rrs@learner:~$ sudo cat /var/lib/lxc/deb-template/config # Template used to create this container: /usr/share/lxc/templates/lxc-debian # Parameters passed to the template: # For additional config options, please look at lxc.container.conf(5) # CPU lxc.cgroup.cpuset.cpus = 0,1 lxc.cgroup.cpu.shares = 1234 # Mem lxc.cgroup.memory.limit_in_bytes = 2000M lxc.cgroup.memory.soft_limit_in_bytes = 1500M # Network lxc.network.type = veth lxc.network.hwaddr = 00:16:3e:0c:c5:d4 lxc.network.flags = up lxc.network.link = lxcbr0 # Root file system lxc.rootfs = /var/lib/lxc/deb-template/rootfs # Common configuration lxc.include = /usr/share/lxc/config/debian.common.conf # Container specific configuration lxc.mount = /var/lib/lxc/deb-template/fstab lxc.utsname = deb-template lxc.arch = amd64 # For apt lxc.mount.entry = /var/cache/apt/archives var/cache/apt/archives none defaults,bind 0 0 lxc.mount.entry = /var/tmp/lxc var/tmp/lxc none defaults,bind 0 0 2015-07-20 / 16:28:58 ♒♒♒ ☺

 

The equivalent of the above, in systemd-nspawn is:

sudo systemd-nspawn -n -b --machine deb-template --network-bridge=lxcbr0 --bind /var/cache/apt/archives/

The only missing bit is CPU and Memory, which I'm yet to try, is documented as doable with the systemctl --property= interface

--property= Set a unit property on the scope unit to register for the machine. This only applies if the machine is run in its own scope unit, i.e. if --keep-unit is not used. Takes unit property assignments in the same format as systemctl set-property. This is useful to set memory limits and similar for machines.

With all this in place, using containers under systemd is a breeze.

rrs@learner:~/Community/Packaging/multipath-tools (experimental)$ sudo machinectl list MACHINE CLASS SERVICE deb-template container nspawn 1 machines listed. 2015-07-20 / 16:44:07 ♒♒♒ ☺ rrs@learner:~/Community/Packaging/multipath-tools (experimental)$ sudo machinectl status deb-template deb-template Since: Mon 2015-07-20 16:13:58 IST; 30min ago Leader: 9064 (systemd) Service: nspawn; class container Root: /var/lib/lxc/deb-template/rootfs Iface: lxcbr0 Address: 172.16.10.12 fe80::706d:e4ff:fec5:bfc8%3 OS: Debian GNU/Linux stretch/sid Unit: machine-deb\x2dtemplate.scope ├─9064 /lib/systemd/systemd --system --deserialize 14 └─system.slice ├─systemd-journald.service │ └─9092 /lib/systemd/systemd-journald ├─ssh.service │ └─9160 /usr/sbin/sshd -D └─console-getty.service ├─9166 /bin/login -- ├─9171 -bash └─9226 dhclient host0 Jul 20 16:13:58 learner systemd[1]: Started Container deb-template. Jul 20 16:13:58 learner systemd[1]: Starting Container deb-template. 2015-07-20 / 16:44:15 ♒♒♒ ☺ Categories: Keywords: Like:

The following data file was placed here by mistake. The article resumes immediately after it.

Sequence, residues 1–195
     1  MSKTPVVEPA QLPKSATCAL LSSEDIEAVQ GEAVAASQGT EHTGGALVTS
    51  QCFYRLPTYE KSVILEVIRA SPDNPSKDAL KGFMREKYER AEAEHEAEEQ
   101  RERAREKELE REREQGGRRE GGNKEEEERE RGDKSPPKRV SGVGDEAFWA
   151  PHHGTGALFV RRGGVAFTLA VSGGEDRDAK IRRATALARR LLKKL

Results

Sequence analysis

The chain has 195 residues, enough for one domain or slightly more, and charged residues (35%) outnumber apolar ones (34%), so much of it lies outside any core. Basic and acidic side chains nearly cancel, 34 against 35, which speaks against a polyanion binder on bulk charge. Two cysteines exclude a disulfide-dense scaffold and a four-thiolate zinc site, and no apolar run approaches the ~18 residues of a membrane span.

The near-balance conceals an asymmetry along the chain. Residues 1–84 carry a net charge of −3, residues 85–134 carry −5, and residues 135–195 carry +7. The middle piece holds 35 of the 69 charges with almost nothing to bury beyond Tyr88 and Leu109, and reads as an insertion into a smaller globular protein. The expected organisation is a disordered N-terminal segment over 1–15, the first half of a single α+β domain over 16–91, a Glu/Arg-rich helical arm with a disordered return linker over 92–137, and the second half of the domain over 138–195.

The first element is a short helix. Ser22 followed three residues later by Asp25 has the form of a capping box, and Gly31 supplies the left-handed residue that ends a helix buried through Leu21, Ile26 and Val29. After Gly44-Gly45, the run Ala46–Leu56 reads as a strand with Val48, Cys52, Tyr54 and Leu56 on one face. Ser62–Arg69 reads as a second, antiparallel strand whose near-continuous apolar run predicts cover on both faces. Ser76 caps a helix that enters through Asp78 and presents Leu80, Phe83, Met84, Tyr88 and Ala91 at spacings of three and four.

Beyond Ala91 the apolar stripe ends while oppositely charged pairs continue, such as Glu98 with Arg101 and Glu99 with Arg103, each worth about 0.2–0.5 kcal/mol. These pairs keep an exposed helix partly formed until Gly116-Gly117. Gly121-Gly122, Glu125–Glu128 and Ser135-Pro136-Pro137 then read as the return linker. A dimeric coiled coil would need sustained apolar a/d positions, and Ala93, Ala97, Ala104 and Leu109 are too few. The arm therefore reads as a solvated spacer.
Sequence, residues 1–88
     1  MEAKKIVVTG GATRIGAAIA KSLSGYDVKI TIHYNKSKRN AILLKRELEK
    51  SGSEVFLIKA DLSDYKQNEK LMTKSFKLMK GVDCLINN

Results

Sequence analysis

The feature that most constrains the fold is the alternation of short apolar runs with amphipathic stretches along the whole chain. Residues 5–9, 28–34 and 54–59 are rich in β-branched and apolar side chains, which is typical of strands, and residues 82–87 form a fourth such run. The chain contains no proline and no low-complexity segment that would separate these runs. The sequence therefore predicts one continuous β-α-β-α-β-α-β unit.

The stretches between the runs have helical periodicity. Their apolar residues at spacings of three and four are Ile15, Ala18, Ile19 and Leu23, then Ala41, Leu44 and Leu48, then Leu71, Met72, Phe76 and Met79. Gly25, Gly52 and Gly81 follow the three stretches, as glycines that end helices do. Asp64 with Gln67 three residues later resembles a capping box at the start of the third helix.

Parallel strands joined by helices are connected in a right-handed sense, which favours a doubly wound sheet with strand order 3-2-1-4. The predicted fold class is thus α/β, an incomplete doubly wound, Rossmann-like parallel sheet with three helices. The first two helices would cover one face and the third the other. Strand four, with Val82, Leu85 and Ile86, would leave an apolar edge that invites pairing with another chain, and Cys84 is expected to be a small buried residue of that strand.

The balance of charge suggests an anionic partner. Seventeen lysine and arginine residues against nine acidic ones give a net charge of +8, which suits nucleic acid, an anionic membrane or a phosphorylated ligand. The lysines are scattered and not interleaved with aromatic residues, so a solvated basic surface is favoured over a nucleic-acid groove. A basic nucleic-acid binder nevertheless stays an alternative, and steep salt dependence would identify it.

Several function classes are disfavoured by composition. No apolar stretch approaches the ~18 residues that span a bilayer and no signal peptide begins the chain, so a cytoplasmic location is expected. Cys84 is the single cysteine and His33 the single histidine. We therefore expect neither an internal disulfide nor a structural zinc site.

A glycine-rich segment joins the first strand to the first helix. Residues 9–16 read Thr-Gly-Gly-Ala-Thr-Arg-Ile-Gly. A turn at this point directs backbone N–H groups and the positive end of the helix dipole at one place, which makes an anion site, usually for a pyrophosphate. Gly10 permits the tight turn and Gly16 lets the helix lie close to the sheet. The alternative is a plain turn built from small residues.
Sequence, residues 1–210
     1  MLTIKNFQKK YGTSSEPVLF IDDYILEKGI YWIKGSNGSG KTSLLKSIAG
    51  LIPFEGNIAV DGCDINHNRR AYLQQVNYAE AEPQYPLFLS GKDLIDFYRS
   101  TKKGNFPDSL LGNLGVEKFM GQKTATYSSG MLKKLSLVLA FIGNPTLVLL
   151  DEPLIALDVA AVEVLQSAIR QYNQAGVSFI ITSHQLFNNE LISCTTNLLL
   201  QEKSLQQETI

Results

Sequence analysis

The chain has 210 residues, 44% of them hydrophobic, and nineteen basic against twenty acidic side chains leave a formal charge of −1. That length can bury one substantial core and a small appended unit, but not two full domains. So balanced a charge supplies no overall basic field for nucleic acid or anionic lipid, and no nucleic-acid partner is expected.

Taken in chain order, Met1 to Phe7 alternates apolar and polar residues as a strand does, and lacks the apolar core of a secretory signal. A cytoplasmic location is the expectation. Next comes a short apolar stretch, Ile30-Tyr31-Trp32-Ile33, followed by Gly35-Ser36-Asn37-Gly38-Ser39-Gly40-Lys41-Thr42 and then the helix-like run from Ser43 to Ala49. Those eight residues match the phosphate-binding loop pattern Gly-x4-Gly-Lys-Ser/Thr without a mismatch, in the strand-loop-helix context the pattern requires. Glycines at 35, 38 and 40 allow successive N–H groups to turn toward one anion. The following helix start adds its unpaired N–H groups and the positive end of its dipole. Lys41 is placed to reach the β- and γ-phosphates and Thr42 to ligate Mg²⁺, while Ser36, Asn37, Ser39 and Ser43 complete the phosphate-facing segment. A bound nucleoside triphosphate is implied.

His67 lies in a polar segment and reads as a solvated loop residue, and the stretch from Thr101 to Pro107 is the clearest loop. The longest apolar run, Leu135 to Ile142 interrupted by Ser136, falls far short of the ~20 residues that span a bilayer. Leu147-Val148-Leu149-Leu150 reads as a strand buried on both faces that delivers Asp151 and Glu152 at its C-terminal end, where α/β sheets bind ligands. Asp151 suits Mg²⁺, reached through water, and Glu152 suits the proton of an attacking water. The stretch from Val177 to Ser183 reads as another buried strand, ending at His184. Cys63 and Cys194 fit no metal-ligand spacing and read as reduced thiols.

Categories: Elsewhere

Annertech: We're ready for Drupal 8. Are you?

Planet Drupal - Mon, 20/07/2015 - 12:00
We're ready for Drupal 8. Are you?

With only 5 critical issues marked as "needs work", Drupal 8 - the most brilliantly amazing responsive accessible version of Drupal to be released so far - is just around the corner (we're so excited, we forgot to put commas in that list of adjectives). Last week Acquia announced they now have Drupal 8 available on their platform for clients to start building their D8 sites on.

Categories: Elsewhere

Laura Arjona: Family games: Robots

Planet Debian - Mon, 20/07/2015 - 00:04

I play “Robots” with my kid. I’ve tested the game with other kids and it seems that for ages 5 to 7 they like it. I’ve talked about the game to several adults and it seems they like too, so I thought maybe writing about it here may be useful for somebody to enjoy some summer days.

Players

One player is the Robot. The other one is the programmer. If there are more players, it can be several robots and several programmers. If players are older, you can make the game more complicated making robots cooperate or programmers cooperate. If not, you make pairs 1-1 or 1 programmer – 2 robots if the number is odd.

The game

The programmer must turn on the robot, pressing the ON/OFF button (robot chooses where’s the button: nose, ear, belly, whatever).
Then, the robot say “hello”, and the programmer asks for the list of commands available (like “Hello, robot, give me the list of commands”). The robot says the list of commands available, for example “Run, stop, jump, sing a song, somersault, say something in a different language”. Then, the programmer thinks a program, and loads it to the robot (speaks the list of orders, loudly, to the robot). Then the programmer presses the START button (Robot choses where it is) and then the robot has to perform the program without errors.

If the robot performs correctly, wins one point. If it fails, looses one point. The programmer can design another program (maybe longer, maybe with some conditional expression) and tries the limits of the memory of robot.

If the robot is tired, needs to charge batteries, or whatever, the roles programmer/robot are interchanged, and the one with more points in a certain amount of time or rounds, wins.

Variants, tips…

If the programmer does not like the list, of commands, she can ask for updates, and maybe some new commands will be installed (and/or other uninstalled, who knows).

Please be creative with the list of commands, or the game will be very boring.

Depending on the operating system which runs the robot, it will give more or less options to the programmer, and the behaviour will be more evil or good. Robots shouldn’t behave too much evil, though, otherwise the programmer will erase their disk and install Debian on them to make them obedient ;)